A 2003 article from Mayo clinic states that, “People with persistent, non-specific musculoskeletal pain should be screened regularly for vitamin D deficiency… Research conducted at the University of Minnesota found that 93 percent of all subjects with non-specific musculoskeletal pain were vitamin D deficient.” (See Mayo reference below.)
Bruce Hollis in a 2005 Journal of Nutrition article says, “Given the results of these recent scientific studies that evaluated high-dose vitamin D supplementation, it appears that the current DRI for adults are woefully inadequate, misleading, and potentially harmful, placing individuals at undue risk for a number of chronic diseases. The current adult dietary recommendations of 200–600 IU/d are extraordinarily low compared with endogenous production during sun exposure. Reexamination of the requirements for vitamin D is clearly merited and may likely reveal the need for vitamin D intakes exceeding 2000 IU/d for adults (my emphasis).”
What about sunshine? Evidently, as we age we have less ability to make Vitamin D through our skin. Also, people now work more inside, avoid the sun because of cancer fears, are covering up or using sunscreen, and live in areas with air pollution that blocks UV rays. Even in Hawaii, a study showed 50% of those receiving an average of 11 hours of sun a week were deficient in Vitamin D.
A high acid diet and obesity contributes to poor utilization of Vitamin D (this is thoroughly discussed in the 2008 book The Vitamin D Cure by James Dowd).
What about milk? You only get 100 IUs per 8 ounces. Can you drink ten glasses of milk a day?
What about multivitamin supplements? You get 400 IUs in your daily multiple vitamin. The Canadian government and the Life Extension Foundation are now both recommending 1000 IUs minimum a day for all adults.
What about just increasing your supplement without a blood test? Some caution is advised since Vitamin D is fat soluble (stored in fat) and can accumulate to toxic levels. Some resources say a person would have to take 10,000 IU a day for a long time to reach toxic levels. Also, some people may have different absorption rates.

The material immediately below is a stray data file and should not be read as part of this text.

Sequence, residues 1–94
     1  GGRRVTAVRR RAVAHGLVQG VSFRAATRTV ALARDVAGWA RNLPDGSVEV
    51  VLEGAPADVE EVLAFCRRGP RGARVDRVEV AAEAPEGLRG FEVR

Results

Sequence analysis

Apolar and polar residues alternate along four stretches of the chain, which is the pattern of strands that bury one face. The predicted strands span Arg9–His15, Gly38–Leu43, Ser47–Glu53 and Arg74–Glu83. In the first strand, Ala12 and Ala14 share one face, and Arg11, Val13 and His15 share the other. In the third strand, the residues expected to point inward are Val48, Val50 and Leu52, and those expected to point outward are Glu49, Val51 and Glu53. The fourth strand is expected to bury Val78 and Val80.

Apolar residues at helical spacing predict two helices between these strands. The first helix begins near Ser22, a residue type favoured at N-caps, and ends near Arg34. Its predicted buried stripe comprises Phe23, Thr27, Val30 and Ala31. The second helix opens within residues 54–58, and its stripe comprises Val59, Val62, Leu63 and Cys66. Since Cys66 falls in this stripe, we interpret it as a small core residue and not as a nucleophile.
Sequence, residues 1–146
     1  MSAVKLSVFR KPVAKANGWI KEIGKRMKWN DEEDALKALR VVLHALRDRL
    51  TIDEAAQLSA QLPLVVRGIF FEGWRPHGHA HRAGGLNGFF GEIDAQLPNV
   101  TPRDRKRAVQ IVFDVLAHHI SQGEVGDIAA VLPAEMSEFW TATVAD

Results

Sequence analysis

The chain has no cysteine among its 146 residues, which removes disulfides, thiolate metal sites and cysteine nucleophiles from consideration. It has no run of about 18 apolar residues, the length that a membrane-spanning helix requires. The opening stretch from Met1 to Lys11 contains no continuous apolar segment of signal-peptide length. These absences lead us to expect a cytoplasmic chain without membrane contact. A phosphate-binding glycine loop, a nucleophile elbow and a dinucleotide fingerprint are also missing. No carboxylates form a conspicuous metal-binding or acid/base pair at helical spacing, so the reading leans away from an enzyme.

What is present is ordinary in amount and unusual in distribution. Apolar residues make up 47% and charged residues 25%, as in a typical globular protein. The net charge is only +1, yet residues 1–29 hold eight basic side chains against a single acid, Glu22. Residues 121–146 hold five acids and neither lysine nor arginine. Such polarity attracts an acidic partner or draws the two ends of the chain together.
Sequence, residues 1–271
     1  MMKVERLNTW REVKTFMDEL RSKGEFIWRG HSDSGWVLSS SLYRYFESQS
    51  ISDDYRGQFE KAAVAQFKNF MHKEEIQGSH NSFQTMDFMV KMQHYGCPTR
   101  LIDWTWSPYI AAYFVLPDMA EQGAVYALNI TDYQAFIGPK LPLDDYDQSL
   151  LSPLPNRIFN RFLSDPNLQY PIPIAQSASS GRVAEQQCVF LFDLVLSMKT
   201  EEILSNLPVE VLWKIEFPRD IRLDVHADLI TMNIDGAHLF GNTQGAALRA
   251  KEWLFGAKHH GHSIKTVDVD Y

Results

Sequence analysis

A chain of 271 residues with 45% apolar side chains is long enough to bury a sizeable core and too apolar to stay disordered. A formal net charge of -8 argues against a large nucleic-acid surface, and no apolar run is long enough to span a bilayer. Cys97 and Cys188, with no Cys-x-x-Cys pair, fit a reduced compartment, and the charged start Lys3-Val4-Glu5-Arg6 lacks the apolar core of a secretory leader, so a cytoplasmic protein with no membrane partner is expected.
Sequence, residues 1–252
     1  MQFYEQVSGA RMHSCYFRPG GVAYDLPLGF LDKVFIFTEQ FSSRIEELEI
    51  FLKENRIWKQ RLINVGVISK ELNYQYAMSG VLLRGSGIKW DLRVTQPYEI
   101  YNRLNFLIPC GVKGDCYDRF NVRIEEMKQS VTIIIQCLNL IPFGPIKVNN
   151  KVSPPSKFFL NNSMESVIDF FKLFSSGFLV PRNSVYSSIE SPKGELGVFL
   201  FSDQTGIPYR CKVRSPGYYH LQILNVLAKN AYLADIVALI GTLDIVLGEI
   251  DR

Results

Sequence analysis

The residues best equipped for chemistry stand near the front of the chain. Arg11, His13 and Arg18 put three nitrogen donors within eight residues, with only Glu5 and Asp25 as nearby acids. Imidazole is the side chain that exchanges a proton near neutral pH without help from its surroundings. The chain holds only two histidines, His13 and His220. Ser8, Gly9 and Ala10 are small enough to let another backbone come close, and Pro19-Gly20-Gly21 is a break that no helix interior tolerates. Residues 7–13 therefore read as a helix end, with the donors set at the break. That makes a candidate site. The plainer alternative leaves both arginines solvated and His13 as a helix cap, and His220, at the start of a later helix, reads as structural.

Dowd’s book mentioned earlier tells you how to calculate your need if you don’t want to get the blood test.
What brand should you take? Vitamin D3 is really inexpensive, so there is no reason to look for a cheap brand which may be poor quality or have poor absorption. I prefer a pharmaceutical grade (I get mine from the Life Extension Foundation). Twin Lab, Jarrow, and Solaray are other brands I have found reliable.
Several people have reported stomach distress with the solid tablet forms sold at discount stores (this could be a result of fillers). I take either the oil form or capsule with powder form. Also, a few people seem to have trouble going up by 1000 IUs and have to work up by 400 IU units. (For me, I felt so bad I probably wouldn’t have noticed.)
Another issue Dowd says is that, when vitamin D level is normalized, calcium absorption is optimized. Thus people don’t need to be taking 1200 mg a day. In fact, excess calcium can result in low back pain
What about a blood test? Best way to know is to get a $50 Vitamin D blood test. You can order your own blood test (and speak with a doctor about the results) from the Life Extension Foundation products (www.lef.org) and have blood drawn at a local facility if your doctor won’t order it. Just be sure your doctor is making judgments off the revised endocrinology standards.
Want to know more? Some resources are below. Here’s to your good health.
Patricia C. Holst, MS, BCET
Dowd, James. Vitamin D Cure, Wiley Publishers, for publication in Jan 2008.
From Inside Flap: “It may sound too good to be true, but it's actually solid medicine based on real science: groundbreaking new research has traced the source of a wide array of disorders that afflict up to 200 million Americans to a single common factor-—vitamin D deficiency. Increasing the amount of vitamin D in your body can cure or help treat a remarkable number of ailments—from obesity to arthritis, from high blood pressure to back pain, from diabetes to muscle cramps.”
Hollis, Bruce W., Circulating 25-Hydroxyvitamin D Levels Indicative of Vitamin D Sufficiency: Implications for Establishing a New Effective Dietary Intake Recommendation for Vitamin D. 2005 The American Society for Nutritional Sciences J. Nutr. 135:317-322, February 2005, available on the internet at:
Life Extension Foundation web site: free access to health protocols, latest medical research, and source to purchase pharmaceutical grade supplements, lab tests (see recent articles on Vitamin D): www.lef.org
Do a search for articles on “Vitamin D” or go to:“Vitamin D’s Crucial Role…”
Linus Pauling Institute (good info on powers of Vit D but some recommendations may be out of date): http://lpi.oregonstate.edu/infocenter/vitamins/vitaminD/
Mayo Clinic- “People with undetermined muscle/bone pain tend to be severely vitamin D deficient”: http://www.medicalnewstoday.com/articles/4836.php
Science News: Two very good summary articles: "Vitamin Boost" http://www.sciencenews.org/articles/20041009/bob8.asp. and "Vitamin D: What's Enough?" at http://www.sciencenews.org/articles/20041016/bob9.asp.
Vitamin D Council: www.vitamindcouncil.com